Nancy’s in high demand at the store, and I can see why—she’s the quintessential hand seller. Last Wednesday morning when I was in the store doing my weekly blog research, I asked her what she’s excited about these days, and her eyes lit up as she led me around, pointing out what she’d hand-picked at different trade shows and explaining why she’s so passionate about what Island Books is offering these days.
Of course we’re a bookstore, and I’m a book geek, so I was eager to hear what she’s been reading, especially since she’s fresh off a family trip and had some time to read. I was also pleasantly surprised to hear her talk about some of the new gifts we’re featuring. I had glanced at them many times without stopping to look closer and learn more. I was delighted to hear how much thought had gone into Nancy’s choices, as well as the details that make these products so special.
Well I won’t ramble on too much and will do my best to share what Nancy said so the rest of you can be in the know. Then you can chase her down in the store to tell you more. Consider yourself warned: her enthusiasm is infectious. Here’s what she’s championing:
Killed at the Whim of a Hat by Collin Cotterill: Nancy laughed as she told me about the black humor in this mystery, especially how it offers goofy George W. Bush sayings at the start of the chapters (and he provides the title). If you read it you’ll find out the connection with W., and it’s pretty funny. This is a brand new series by the bestselling author of Coroner’s Lunch about Jimm Juree, a crime reporter for the Chiang Mai Daily Mail with a somewhat eccentric family. When Jimm is forced to follow her family to a rural village on the coast of Southern Thailand, she’s convinced her professional life is over. So when bodies turn up and someone else is murdered, suddenly Jimm’s career path becomes more promising—and a lot more deadly.
Parrot & Olivier in America by Peter Carey: Nancy read most of this one before Roger explained to her that the author Peter Carey was imagining the experiences of Alexis de Tocqueville, the great French political philosopher and author of Democracy in America. Carey brings de Tocqueville to life through the fictionalized character of Olivier de Garmont, a stuck-up French aristocrat (Nancy just thought Garmont was saying brilliant stuff all on his own). Olivier can only begin to grasp how the other half lives when forced to travel to the New World with John “Parrot” Larrit, a jaded survivor of lifelong hardship who can’t stand his young master. This odd couple’s stark differences in class and background, outlook and attitude provide a good set-up for contemporary readers to understand the unique social experiment that was democracy in the early years of America.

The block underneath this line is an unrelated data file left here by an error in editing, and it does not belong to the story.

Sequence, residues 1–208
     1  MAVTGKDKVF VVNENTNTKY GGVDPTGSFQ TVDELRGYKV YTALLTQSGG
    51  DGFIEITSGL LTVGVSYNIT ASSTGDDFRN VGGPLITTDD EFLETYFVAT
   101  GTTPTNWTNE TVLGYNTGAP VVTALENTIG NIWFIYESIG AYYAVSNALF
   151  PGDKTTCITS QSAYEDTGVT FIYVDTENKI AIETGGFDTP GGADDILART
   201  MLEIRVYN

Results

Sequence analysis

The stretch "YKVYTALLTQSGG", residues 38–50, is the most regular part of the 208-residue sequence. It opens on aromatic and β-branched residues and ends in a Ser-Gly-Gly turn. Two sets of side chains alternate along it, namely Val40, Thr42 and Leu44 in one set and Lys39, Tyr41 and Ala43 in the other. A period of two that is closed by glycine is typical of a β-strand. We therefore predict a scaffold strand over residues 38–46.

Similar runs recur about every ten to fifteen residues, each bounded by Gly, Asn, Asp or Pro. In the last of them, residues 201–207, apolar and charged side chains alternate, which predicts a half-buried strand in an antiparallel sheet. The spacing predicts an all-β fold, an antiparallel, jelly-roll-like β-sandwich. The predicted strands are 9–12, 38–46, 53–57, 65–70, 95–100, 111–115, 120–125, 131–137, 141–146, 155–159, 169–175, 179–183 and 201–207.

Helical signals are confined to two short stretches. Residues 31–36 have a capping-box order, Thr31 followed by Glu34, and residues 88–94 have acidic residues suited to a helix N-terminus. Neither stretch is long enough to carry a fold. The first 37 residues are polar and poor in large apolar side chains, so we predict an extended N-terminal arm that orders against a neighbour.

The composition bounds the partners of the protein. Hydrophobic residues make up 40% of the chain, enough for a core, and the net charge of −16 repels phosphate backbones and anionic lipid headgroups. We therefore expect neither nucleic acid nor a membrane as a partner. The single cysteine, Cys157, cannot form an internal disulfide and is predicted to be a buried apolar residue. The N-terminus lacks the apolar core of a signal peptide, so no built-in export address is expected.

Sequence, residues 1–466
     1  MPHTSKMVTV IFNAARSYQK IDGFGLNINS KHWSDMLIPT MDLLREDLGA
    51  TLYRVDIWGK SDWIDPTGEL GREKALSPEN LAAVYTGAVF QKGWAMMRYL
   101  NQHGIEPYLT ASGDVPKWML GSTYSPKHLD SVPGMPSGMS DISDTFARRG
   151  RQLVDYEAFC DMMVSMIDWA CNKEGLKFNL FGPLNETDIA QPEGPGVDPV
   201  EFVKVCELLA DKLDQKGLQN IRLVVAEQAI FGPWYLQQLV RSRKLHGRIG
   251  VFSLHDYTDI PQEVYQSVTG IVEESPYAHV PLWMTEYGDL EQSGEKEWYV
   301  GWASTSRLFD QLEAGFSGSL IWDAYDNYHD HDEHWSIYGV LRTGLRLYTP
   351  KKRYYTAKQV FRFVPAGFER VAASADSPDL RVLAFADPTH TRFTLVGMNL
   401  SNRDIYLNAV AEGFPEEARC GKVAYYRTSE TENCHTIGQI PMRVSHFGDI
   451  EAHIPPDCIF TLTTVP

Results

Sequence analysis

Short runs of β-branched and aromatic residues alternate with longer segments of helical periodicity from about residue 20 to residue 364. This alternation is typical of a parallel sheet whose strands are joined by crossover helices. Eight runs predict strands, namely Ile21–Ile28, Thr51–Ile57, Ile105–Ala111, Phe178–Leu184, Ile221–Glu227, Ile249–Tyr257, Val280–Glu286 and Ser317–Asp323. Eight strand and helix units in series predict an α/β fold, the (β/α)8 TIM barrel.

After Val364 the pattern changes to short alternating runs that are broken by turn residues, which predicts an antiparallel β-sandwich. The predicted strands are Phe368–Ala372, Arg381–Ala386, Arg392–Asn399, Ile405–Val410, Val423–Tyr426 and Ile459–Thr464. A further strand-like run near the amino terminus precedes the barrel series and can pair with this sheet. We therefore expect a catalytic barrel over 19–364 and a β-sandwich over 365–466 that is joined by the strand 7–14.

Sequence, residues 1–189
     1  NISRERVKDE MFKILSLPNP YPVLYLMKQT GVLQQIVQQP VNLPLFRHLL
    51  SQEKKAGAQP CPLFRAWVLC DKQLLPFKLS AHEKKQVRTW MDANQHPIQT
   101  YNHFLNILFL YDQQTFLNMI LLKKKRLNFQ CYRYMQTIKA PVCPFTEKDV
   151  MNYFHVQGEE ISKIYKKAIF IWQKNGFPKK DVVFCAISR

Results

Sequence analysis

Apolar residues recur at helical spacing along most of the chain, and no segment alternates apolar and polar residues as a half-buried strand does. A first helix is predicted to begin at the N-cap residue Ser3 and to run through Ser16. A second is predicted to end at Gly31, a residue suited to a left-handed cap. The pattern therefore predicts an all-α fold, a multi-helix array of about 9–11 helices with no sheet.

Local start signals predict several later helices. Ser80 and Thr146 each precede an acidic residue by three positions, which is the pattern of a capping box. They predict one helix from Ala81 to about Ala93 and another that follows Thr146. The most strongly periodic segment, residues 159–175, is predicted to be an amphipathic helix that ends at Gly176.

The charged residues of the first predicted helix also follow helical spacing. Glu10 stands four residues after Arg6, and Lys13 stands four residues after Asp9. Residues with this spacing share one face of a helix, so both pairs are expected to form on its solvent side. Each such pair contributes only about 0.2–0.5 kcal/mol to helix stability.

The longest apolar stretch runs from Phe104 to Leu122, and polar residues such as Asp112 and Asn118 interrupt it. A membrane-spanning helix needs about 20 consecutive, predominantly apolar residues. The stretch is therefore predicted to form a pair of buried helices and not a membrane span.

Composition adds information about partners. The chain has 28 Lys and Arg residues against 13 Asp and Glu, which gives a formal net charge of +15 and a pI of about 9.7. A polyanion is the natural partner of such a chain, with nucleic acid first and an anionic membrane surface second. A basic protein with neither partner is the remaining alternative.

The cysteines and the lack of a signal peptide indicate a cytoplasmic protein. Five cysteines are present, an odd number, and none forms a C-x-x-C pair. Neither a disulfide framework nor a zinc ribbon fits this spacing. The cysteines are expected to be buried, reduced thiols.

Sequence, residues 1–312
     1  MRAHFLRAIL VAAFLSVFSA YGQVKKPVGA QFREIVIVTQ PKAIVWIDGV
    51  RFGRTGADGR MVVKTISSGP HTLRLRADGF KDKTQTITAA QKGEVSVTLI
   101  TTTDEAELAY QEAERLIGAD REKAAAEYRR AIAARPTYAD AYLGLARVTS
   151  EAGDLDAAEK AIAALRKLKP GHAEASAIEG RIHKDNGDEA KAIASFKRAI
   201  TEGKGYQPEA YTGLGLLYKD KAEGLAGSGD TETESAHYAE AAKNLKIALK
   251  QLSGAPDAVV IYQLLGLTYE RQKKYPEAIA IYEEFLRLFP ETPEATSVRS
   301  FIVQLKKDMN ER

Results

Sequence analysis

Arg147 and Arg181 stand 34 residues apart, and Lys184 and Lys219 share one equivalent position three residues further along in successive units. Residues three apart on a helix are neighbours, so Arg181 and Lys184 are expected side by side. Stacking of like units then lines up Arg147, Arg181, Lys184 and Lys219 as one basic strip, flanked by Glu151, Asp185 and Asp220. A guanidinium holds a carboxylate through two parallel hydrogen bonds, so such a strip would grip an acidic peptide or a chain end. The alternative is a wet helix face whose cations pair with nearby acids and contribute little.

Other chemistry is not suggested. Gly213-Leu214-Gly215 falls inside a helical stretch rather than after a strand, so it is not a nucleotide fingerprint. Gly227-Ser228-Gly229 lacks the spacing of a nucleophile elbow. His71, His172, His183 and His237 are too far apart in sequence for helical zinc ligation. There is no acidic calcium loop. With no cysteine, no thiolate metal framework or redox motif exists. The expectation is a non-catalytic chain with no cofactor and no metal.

Joli Jewelry: Nancy hand-picked this limited edition jewelry, made mostly from ’20s-’60s period glass, ’40s-’80s plastics including celluloid and Bakelite, and semi-precious stones like new jade, coral, agates, carnelian, onyx, amethyst, and more. These unique pieces come from Joli Jewelry, started by Jody Lyons in 1984. Drawn to authentic vintage and cultural components (Asian, African & European), Jody still designs everything in the line. The small production runs are then handmade by a group of wonderful women in their studio in Park Slope, Brooklyn. They bring together components from all over the world and from all different eras, including the modern, to create funky, modern-yet vintage, limited edition pieces. Whenever possible, the emphasis continues to be on reusing what already exists and valuing the importance of recycling. We even have this cool “hear no evil, see no evil, speak no evil” piece from them that’s perfect for storing your jewelry. I thought it was really unique and cool. I’d almost rather buy the monkeys than the jewelry, but there’s only one, so whoever gets it first will have a special and unique gift. And besides the monkeys, the jewelry is just beautiful. (http://www.jolijewelry.com).
GLOB™ arts and crafts products: Nancy opened up some of the jars of paint for me and we both started grinning when we realized how good they smelled. The yellow paint was a fragrant lemon and when we opened the red we both said, “Pomegranate!” Yum. Sourced from natural, recyclable and biodegradable materials, GLOB™ specializes in botanically crafted paints made from fruit, vegetables, flowers, and spices with natural food-grade ingredients and organic extracts. These non-toxic water-soluble pigments become paint just by adding water. Similar to watercolors, GLOB™ paints can also be used for a variety of arts and crafts activities, both for kids and adults. The vibrant colors in GLOB™ have been used by different cultures throughout the ages in food, artists’ paints and body products. I just loved them. (http://globiton.com).
And finally, I encourage you to comment and tell Nancy how great she looks in the picture above. I thought it captured her personality, and how she can make you laugh and want to buy everything she talks about!